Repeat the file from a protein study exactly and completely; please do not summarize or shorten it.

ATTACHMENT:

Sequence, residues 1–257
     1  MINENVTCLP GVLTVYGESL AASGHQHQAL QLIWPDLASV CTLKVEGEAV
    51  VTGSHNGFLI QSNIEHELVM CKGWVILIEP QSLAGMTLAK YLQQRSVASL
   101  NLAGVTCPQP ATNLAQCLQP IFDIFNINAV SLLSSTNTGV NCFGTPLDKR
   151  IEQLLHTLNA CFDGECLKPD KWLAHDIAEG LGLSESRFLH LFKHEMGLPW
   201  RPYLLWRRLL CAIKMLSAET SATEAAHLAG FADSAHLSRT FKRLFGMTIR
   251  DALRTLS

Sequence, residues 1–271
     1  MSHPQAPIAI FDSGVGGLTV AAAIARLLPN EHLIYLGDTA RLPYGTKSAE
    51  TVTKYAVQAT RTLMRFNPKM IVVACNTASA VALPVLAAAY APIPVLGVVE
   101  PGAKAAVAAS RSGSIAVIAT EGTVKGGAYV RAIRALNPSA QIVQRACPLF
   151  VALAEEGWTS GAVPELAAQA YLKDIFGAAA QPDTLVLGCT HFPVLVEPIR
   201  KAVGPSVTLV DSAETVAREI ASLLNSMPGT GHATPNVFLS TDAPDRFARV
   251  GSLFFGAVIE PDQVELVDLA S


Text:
Sequence, residues 1–257
     1  MINENVTCLP GVLTVYGESL AASGHQHQAL QLIWPDLASV CTLKVEGEAV
    51  VTGSHNGFLI QSNIEHELVM CKGWVILIEP QSLAGMTLAK YLQQRSVASL
   101  NLAGVTCPQP ATNLAQCLQP IFDIFNINAV SLLSSTNTGV NCFGTPLDKR
   151  IEQLLHTLNA CFDGECLKPD KWLAHDIAEG LGLSESRFLH LFKHEMGLPW
   201  RPYLLWRRLL CAIKMLSAET SATEAAHLAG FADSAHLSRT FKRLFGMTIR
   251  DALRTLS

Sequence, residues 1–271
     1  MSHPQAPIAI FDSGVGGLTV AAAIARLLPN EHLIYLGDTA RLPYGTKSAE
    51  TVTKYAVQAT RTLMRFNPKM IVVACNTASA VALPVLAAAY APIPVLGVVE
   101  PGAKAAVAAS RSGSIAVIAT EGTVKGGAYV RAIRALNPSA QIVQRACPLF
   151  VALAEEGWTS GAVPELAAQA YLKDIFGAAA QPDTLVLGCT HFPVLVEPIR
   201  KAVGPSVTLV DSAETVAREI ASLLNSMPGT GHATPNVFLS TDAPDRFARV
   251  GSLFFGAVIE PDQVELVDLA S